Work-Related Injuries FAQ:

What steps should I take after I've been involved in a work-related accident?

  1. Report the accident to your employer (within 14 days of the accident is ideal)

  2. Seek medical treatment, in California you may see your personal physician as your treating doctor but only if:​​

    1. Your employer provides regular health care coverage​

    2. You have given your employer written notice (predesignation) that you want your personal physician to address all future work-related injuries

  3. Document everything, especially potential witnesses

  4. Decline to give statements

  5. Call an attorney

 

Why should I call an attorney if there is Worker's Compensation?

 Injuries that are not Clearly work-related,  require significant medical treatment, or result in permanent disability may require a lawyer to best fight for your case. Some other reasons to hire an attorney are:

  1. Your worker's compensation claim is denied

  2. You're unable to get the treatment you need

  3. Your permanent disability rating is disputed

  4. You're having a worker's compensation hearing

As is the case for any personal-injury type situation, there is no financial downside to hiring an attorney. You pay no up-front fees, and pay nothing if your attorney does not win your case.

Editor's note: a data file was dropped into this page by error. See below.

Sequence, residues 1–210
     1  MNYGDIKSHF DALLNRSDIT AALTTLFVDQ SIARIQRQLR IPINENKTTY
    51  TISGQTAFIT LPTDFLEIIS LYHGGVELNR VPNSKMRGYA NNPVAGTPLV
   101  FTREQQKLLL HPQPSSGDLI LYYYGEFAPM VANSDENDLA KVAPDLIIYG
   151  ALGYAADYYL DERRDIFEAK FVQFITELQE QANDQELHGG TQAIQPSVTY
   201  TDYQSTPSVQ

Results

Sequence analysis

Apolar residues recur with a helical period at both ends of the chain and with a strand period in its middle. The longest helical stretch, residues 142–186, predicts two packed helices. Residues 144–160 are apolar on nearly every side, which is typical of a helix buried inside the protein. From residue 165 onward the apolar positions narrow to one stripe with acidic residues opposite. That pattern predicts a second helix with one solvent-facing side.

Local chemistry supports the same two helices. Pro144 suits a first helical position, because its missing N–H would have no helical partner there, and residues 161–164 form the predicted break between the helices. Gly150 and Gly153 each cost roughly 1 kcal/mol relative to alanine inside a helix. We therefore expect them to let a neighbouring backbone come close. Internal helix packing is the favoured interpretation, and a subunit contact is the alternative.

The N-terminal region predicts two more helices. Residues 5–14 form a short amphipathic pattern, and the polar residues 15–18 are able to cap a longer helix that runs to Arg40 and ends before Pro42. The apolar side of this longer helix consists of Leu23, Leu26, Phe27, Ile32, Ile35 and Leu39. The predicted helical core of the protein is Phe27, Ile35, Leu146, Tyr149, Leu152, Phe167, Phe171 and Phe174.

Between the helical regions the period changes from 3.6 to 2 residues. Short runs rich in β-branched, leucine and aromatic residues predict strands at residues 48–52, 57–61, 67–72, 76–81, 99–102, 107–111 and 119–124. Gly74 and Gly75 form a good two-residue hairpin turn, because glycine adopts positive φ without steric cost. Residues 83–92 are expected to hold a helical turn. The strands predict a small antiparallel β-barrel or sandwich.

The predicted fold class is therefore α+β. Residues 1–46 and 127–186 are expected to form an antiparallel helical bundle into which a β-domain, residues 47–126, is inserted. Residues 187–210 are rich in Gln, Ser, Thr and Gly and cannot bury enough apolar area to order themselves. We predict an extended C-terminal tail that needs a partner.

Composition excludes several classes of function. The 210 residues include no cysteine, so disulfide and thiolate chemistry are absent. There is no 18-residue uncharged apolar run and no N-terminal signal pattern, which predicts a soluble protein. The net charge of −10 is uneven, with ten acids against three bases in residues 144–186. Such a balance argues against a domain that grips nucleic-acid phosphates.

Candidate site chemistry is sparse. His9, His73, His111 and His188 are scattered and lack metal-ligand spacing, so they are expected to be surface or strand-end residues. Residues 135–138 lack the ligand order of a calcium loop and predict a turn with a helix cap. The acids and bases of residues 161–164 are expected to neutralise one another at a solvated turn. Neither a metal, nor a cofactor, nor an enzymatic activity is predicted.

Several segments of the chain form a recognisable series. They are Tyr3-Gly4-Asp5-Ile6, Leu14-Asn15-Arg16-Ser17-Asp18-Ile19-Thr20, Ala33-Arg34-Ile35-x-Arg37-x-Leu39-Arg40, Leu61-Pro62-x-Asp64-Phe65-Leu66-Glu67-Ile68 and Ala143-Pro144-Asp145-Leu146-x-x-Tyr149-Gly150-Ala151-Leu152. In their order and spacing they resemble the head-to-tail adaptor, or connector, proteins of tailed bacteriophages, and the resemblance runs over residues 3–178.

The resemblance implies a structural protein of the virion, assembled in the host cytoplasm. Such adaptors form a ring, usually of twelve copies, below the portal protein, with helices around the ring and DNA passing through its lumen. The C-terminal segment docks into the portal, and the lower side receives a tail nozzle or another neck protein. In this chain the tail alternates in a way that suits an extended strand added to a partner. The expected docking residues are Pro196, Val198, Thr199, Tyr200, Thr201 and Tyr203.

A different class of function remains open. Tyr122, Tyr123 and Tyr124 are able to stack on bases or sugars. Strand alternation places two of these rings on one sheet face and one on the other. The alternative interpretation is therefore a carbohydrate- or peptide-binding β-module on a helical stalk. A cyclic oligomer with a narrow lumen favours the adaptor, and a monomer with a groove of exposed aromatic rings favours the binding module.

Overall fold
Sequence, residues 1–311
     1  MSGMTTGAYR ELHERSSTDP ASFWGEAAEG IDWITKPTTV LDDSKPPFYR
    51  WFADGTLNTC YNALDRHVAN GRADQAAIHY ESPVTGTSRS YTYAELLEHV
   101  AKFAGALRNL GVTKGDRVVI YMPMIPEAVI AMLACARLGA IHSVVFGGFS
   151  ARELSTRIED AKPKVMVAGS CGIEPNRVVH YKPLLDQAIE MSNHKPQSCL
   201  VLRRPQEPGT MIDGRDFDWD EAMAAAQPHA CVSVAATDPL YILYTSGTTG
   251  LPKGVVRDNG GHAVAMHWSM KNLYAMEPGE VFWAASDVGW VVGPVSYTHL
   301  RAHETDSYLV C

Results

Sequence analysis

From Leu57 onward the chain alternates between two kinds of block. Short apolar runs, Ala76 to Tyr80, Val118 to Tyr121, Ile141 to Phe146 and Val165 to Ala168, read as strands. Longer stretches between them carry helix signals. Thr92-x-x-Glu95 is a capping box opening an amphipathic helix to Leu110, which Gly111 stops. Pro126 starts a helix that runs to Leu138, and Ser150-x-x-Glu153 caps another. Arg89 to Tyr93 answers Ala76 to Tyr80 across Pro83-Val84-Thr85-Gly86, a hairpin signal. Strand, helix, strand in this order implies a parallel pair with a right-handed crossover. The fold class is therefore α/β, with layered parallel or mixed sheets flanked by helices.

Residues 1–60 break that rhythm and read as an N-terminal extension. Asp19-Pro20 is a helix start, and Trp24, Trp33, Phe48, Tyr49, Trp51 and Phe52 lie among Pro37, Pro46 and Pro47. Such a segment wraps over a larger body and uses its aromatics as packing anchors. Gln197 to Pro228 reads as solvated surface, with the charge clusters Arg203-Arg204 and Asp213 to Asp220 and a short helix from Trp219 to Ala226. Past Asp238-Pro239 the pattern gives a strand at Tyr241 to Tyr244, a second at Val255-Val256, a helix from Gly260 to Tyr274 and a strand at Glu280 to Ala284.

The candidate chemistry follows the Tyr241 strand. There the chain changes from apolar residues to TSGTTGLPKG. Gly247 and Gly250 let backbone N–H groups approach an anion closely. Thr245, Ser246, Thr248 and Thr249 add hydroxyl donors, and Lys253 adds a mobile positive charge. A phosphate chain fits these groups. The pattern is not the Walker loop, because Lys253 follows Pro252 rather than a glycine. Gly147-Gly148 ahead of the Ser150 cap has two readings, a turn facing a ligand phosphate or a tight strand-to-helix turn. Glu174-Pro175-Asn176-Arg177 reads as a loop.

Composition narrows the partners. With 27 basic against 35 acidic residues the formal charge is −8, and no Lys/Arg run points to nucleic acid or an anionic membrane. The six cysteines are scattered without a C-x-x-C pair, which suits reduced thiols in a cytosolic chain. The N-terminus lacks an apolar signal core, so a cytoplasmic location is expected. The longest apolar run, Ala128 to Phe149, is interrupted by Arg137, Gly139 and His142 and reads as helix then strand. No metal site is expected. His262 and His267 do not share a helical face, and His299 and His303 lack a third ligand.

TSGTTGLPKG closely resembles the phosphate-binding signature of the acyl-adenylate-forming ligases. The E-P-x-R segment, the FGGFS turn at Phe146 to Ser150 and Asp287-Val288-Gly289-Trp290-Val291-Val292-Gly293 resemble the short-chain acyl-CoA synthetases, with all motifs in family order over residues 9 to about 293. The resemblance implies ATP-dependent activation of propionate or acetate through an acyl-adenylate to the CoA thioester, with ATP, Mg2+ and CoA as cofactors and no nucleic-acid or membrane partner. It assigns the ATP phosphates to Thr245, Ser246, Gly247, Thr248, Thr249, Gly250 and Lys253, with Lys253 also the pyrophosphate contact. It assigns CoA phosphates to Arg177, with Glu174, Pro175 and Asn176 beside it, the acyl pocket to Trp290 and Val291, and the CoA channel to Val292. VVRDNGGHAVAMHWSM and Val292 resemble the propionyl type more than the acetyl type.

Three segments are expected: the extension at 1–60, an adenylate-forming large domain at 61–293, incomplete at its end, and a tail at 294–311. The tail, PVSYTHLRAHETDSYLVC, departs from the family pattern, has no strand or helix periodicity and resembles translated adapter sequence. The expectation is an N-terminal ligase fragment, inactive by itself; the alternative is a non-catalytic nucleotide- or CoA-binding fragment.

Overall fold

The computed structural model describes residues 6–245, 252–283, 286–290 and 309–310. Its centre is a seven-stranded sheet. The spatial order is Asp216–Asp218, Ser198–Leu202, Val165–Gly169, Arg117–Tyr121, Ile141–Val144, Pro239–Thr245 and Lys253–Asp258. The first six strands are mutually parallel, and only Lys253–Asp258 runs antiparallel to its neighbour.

What are the benefits of Worker's Compensation?

  • Medical Care: Paid for by your employer, to help you recover from an injury or illness caused by work.

  • Temporary disability benefits: Payments if you lose wages because your injury prevents you from doing your usual job while recovering.

  • Permanent disability benefits: Payments if you don’t recover completely.

  • Supplemental job displacement benefits (if your date of injury is in 2004 or later): Vouchers to help pay for retraining or skill enhancement if you don’t recover completely and don’t return to work for your employer.

  • Death benefits: Payments to your spouse, children or other dependents if you die from a job injury or illness.